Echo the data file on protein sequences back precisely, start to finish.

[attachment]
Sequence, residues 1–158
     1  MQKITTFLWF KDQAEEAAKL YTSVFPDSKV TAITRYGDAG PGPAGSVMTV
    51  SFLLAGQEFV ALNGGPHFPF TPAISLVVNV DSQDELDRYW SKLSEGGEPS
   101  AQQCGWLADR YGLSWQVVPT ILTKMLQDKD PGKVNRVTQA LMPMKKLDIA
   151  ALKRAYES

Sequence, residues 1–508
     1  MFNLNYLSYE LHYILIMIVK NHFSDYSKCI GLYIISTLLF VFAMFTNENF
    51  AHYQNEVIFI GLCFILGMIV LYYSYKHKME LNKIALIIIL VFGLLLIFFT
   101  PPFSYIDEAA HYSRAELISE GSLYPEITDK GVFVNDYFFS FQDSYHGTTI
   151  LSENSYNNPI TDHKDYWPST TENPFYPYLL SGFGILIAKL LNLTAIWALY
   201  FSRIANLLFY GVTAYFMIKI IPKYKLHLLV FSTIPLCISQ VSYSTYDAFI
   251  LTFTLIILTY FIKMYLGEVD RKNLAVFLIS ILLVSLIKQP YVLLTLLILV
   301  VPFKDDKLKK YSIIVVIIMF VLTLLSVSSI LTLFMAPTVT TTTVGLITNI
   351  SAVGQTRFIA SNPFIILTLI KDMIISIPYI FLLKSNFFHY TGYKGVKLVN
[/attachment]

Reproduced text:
Sequence, residues 1–158
     1  MQKITTFLWF KDQAEEAAKL YTSVFPDSKV TAITRYGDAG PGPAGSVMTV
    51  SFLLAGQEFV ALNGGPHFPF TPAISLVVNV DSQDELDRYW SKLSEGGEPS
   101  AQQCGWLADR YGLSWQVVPT ILTKMLQDKD PGKVNRVTQA LMPMKKLDIA
   151  ALKRAYES

Sequence, residues 1–508
     1  MFNLNYLSYE LHYILIMIVK NHFSDYSKCI GLYIISTLLF VFAMFTNENF
    51  AHYQNEVIFI GLCFILGMIV LYYSYKHKME LNKIALIIIL VFGLLLIFFT
   101  PPFSYIDEAA HYSRAELISE GSLYPEITDK GVFVNDYFFS FQDSYHGTTI
   151  LSENSYNNPI TDHKDYWPST TENPFYPYLL SGFGILIAKL LNLTAIWALY
   201  FSRIANLLFY GVTAYFMIKI IPKYKLHLLV FSTIPLCISQ VSYSTYDAFI
   251  LTFTLIILTY FIKMYLGEVD RKNLAVFLIS ILLVSLIKQP YVLLTLLILV
   301  VPFKDDKLKK YSIIVVIIMF VLTLLSVSSI LTLFMAPTVT TTTVGLITNI
   351  SAVGQTRFIA SNPFIILTLI KDMIISIPYI FLLKSNFFHY TGYKGVKLVN